The decision to divorce can be hard on both spouses, but it can be even more difficult to grasp for their children.
A prenuptial agreement is a legal tool/document that is never accorded casual or indifferent treatment when raised as a family law topic. We duly noted that in a recent Berdon, Young & Margolis blog post, stating in our September 16 entry that prenups are “endorsed by some parties and flat-out slammed by others.”
The answer to today’s blog headline query posed above is simple enough. If you are a Connecticut grandparent, you can demand access to your grandchildren via a court petition.
We’re an imperfect bunch when collectively considered, but we’re trying.
A deep and empathetic legal team of attorneys knows well from on-point experience that the universe of potentially relevant matters in the family law universe is both vast and varied.
We note on our website at the Connecticut law firm of Berdon, Young & Margolis that divorce-linked property division can cause “chills to run up people’s spines.”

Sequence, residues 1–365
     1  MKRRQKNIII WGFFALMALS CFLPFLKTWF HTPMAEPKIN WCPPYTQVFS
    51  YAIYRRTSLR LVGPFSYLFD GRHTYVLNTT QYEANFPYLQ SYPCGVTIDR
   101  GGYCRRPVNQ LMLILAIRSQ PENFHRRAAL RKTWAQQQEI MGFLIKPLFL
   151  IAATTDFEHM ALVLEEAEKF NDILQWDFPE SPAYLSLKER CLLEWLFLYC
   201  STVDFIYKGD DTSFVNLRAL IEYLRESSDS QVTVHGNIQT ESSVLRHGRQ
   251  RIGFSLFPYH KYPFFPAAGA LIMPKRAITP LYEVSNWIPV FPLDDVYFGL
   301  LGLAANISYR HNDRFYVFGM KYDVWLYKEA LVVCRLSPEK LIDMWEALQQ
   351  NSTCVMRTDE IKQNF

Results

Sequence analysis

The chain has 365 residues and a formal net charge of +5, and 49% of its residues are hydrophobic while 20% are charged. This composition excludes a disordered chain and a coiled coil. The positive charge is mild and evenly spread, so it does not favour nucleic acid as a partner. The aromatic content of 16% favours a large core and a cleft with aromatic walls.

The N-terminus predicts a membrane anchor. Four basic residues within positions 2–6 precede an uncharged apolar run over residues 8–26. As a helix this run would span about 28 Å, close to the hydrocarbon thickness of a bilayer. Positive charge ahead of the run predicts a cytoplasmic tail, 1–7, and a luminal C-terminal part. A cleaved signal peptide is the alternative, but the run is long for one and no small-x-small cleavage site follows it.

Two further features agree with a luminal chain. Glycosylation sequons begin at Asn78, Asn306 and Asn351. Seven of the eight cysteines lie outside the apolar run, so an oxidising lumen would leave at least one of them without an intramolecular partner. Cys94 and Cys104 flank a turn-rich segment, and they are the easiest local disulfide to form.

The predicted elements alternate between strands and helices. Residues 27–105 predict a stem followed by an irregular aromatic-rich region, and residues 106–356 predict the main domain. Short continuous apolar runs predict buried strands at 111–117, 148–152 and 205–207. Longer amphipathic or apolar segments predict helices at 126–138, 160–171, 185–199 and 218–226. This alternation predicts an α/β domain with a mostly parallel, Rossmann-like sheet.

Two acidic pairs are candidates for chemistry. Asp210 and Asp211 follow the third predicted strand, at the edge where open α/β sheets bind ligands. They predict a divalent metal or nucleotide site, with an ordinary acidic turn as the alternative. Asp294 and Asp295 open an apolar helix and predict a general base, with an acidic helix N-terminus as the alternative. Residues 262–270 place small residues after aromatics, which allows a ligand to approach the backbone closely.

Fixed yet variable.
We noted in a post from last week that some of our readers across Connecticut and elsewhere likely “wince” when the family law topic of prenuptial agreements is breached. That is understandable, given that the subject matter of such contracts relates to topics that arise in the context of divorce.
Wedding season is just around the corner. If you are tying the knot, considering a prenuptial agreement is not out of the ordinary. More people are getting married after developing a career and cultivating own wealth independent of their soon-to-be spouse. Also, those entering their second marriages may have continuing support obligations.
Parents all across Connecticut are raising a child alone or with another parent to whom they are not married. However, just because these types of parenting circumstances are common doesn't mean they are easy.